Get back to Mother Nature with these upscale options in Thailand chock-full of creature comforts.


Looking out from the large terrace of my second-storey room, past the pool and Jacuzzi, I see a winding tributary of the Mekong River snaking through the fields with a panorama of smoke-blue mountains for a backdrop. From this perch up in the Golden Triangle, where the borders of Thailand, Laos and Myanmar meld, the only noise is birdsong.

Anantara Golden Triangle Elephant Camp & Resort is a retreat that comes with all the creature comforts, such as fine teak furnishings, so guests can get back to nature without pitching a tent and cooking on a portable stove.

One of the resort’s prime attractions is its camp of 20-odd elephants. The care of these goliaths is the purview of the hotel’s altruistic arm, the Golden Triangle Asian Elephant Foundation, dedicated to treating them in more humane ways and supporting other such projects like mobile vet clinics.

The elephant camp’s manager, Laddawan Yonthantham, leads the morning outings called Walking with Giants, while providing a running commentary on them and their mahouts. Seeing the elephants in their natural habitat, marvelling at their sheer enormity and the dexterity of their trunks, watching them swim and play together, is an experience worth more than watching 1,000 wildlife documentaries. On hand to lead the afternoon programme, Elephant Learning Experience, is the veterinarian Nissa

Mututanont, who shares her wealth of knowledge on everything from their medical issues to their evolutionary history and mating habits.


The luxury train cuts a swathe through some of Thailand and Malaysia’s most beautiful scenery which used to be lairs for tigers. Although both countries still have tigers in the wild, their populations have been decimated over the last century.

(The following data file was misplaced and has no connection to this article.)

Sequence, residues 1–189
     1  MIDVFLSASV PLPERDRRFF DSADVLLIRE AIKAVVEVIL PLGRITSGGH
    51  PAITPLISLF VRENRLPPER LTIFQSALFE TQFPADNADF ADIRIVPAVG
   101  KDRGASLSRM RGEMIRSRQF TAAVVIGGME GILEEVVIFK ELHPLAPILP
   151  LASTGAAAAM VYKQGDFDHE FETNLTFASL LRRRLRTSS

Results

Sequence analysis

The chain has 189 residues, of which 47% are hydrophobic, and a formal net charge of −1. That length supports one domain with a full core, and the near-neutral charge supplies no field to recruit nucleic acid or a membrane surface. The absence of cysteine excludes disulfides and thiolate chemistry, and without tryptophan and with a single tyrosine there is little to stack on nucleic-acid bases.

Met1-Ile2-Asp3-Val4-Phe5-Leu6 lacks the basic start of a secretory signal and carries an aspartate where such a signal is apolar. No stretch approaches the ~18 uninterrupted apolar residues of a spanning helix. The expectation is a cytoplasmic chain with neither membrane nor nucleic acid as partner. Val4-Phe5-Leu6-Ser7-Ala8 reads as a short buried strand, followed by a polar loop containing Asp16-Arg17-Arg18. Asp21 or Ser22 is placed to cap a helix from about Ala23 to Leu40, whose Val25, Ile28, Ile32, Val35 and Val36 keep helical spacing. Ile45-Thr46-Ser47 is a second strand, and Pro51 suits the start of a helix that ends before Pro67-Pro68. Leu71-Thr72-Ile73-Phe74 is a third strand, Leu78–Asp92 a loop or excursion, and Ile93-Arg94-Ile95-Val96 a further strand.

The Eastern and Oriental Express has teamed up with the international charity, Save Wild Tigers, to raise awareness of this apex predator that has become prey to human rapacity and deforestation. On the side of two carriages are fanciful murals of tigers designed by the renowned Chinese-British artist Jacky Tsai. Inside the carriages are photos of them that are bound to inspire awe and, hopefully, some stronger efforts to conserve them.

For Belmond, the hotel and leisure company that operates the train, the new campaign is fitting because the Eastern and Oriental Express’s logo features a tiger. The train’s wood furnishings, opulent trimmings, liveried waiters, gourmet food and a bar car with alive pianist playing old standards, makes the romantic fantasy of time travel seem all too real. Here’s a train that looks like it came hurtling out of the past that whisks passengers into a present made up of old- world charms that draw heavily from nature’s deck of attractions, with a few wild cards thrown in, like boat tours, cooking classes and cycling trips.


For many animal lovers, zoos are penitentiaries where creatures that have committed no crimes live dull lives in grim enclosures. The Wildlife Friends Foundation Thailand (WFFT) is a different animal. Built as a shelter for orphaned and rescued elephants, bears, gibbons and turtles, the enormous centre hosts daily tram tours where visitors can learn more about Thailand’s wild kingdom and see hundreds of exotic birds and beasts living in a natural environment with better food and superior enrichments.

Some guests opt to stay at the homey and handsomely appointed I-Love-Phants Lodge, which looks out over an elephant enclosure. Around noon, the lodge is overrun with day-trippers during the lunch break in the restaurant. At night, however, the serenity is broken only by a percussion orchestra of frogs ratcheting and insects whirring with the occasional bugle blast from a distant elephant.

The WFFT’s founder, Edwin Wiek, an influential conservationist who works with the Thai government on wildlife matters, has even bigger and more luxurious plans in the pipeline. By next year he hopes to open a luxury lodge located above a massive tiger enclosure, where the titans of business can meet the kings of the jungle.


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Published 18th November 2019